How Much Money Will You Have Left When You Die?

05/14/2015 04:43 pm ET | Updated May 14, 2016

A new study paints a frightening picture about the correlation between Americans' chances at a longer life and their income and assets.

The research from the Employee Benefit Research Institute (EBRI) shows that of those who died at 85 and above, 12.2 percent had no assets left when they died. That by itself is not surprising, since few people of that generation had a financial plan that anticipated such a long life.

What's concerning, however, is that those who died at earlier ages were much worse off financially, says Sudipto Banerjee, a research associate at the institute who authored the study. That indicates that more of those with less financial means died a lot younger, a twist in what we thought we knew about financial planning and the average death rate.

A whopping nearly 30 percent of those who died between 50 and 34 showed no assets left, Banerjee says. And being single didn't help, either. Of those who were single and died at 85 or above, 16.7 percent had no assets left, up from 12.2 percent overall.

The study shows that of that group. 9.1 percent had an outstanding debt other than a mortgage, with an average debt of $6,368. Those couples 85 and older had $141,147 left in equity in their home, which means many didn't take out a reverse mortgage, even if they had the opportunity to do so. The average single person 85 and older who died had less, $83,471 in equity left in their home.

As for the people dying younger having worse health conditions, Banerjee says it's hard to tell "what's causing what, but it's significant to note that people who die younger have lower income and assets."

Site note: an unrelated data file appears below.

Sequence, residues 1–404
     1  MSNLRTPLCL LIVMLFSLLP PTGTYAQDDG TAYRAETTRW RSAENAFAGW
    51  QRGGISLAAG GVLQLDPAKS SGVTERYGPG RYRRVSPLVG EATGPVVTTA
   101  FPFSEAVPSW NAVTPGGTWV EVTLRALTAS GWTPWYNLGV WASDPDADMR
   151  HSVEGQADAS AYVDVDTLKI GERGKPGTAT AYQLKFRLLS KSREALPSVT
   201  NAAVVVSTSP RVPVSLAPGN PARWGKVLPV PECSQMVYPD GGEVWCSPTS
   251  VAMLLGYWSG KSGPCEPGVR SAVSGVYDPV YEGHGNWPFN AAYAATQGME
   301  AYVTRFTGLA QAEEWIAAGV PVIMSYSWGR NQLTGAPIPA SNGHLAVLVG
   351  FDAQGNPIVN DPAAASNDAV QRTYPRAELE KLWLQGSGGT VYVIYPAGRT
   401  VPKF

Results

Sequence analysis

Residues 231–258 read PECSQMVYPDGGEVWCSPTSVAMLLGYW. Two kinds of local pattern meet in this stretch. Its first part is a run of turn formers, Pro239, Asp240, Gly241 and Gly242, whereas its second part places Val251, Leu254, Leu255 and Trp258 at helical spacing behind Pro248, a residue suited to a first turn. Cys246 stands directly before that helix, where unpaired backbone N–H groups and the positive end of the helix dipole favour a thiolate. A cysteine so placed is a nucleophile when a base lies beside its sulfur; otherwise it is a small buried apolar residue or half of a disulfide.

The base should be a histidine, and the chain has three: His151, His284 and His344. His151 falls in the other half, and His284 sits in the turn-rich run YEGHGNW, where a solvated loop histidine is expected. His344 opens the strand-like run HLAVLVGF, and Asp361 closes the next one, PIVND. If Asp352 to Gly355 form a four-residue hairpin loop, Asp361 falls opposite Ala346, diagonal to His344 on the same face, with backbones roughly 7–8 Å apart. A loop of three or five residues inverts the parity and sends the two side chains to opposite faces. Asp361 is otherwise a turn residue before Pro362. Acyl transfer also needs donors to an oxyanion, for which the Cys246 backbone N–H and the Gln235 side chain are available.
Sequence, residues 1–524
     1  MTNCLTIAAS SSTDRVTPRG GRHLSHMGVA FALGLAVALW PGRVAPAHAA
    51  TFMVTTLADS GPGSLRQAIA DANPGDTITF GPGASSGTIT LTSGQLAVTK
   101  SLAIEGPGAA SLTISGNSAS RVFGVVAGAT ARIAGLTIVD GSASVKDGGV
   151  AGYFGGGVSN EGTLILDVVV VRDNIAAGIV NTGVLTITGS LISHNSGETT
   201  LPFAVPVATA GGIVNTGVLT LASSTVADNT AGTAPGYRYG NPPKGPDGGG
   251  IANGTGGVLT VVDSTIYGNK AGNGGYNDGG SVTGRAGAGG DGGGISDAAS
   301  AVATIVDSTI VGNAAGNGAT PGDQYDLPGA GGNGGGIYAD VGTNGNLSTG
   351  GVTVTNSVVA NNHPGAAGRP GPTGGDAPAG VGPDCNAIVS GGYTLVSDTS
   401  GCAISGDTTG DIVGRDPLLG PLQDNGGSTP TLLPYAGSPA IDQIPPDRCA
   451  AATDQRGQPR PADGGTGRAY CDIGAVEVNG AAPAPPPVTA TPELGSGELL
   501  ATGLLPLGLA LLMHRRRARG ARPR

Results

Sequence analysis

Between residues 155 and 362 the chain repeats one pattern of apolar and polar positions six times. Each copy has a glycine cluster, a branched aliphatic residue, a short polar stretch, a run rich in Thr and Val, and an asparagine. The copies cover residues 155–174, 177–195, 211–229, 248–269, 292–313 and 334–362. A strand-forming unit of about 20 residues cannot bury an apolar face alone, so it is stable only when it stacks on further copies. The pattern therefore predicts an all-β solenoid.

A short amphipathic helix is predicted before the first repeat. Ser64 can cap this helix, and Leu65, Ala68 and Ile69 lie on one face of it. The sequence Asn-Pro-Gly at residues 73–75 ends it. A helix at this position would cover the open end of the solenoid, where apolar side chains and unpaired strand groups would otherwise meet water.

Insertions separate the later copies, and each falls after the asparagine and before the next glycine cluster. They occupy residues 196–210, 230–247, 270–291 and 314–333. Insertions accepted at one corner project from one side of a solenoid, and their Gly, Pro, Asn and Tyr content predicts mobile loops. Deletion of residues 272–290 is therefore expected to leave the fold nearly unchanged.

Banerjee says there's a lot of research that says people with low incomes weren't able to afford "all the health care they need" and if they are in poor health, it limits their ability to work and earn income.

"Both can affect the other," Banerjee says. "It's hard to tell."

The data is part of a study from the University of Michigan's Health and Retirement Study, sponsored by the National Institute.

Banerjee says another reason that people who are older have more assets is that they relied on company pensions for their retirement income compared to those who are younger. These days, more and more people are relying on 401(k) money, which requires them to have made contributions in the first place.

"This is an important study because it gives a benchmark to compare future retirees and how many are dying without assets," Banerjee says. "The generation of those 85 and older had a pension, but future retirees as they move into retirement are going to have to rely on 401(k)s."

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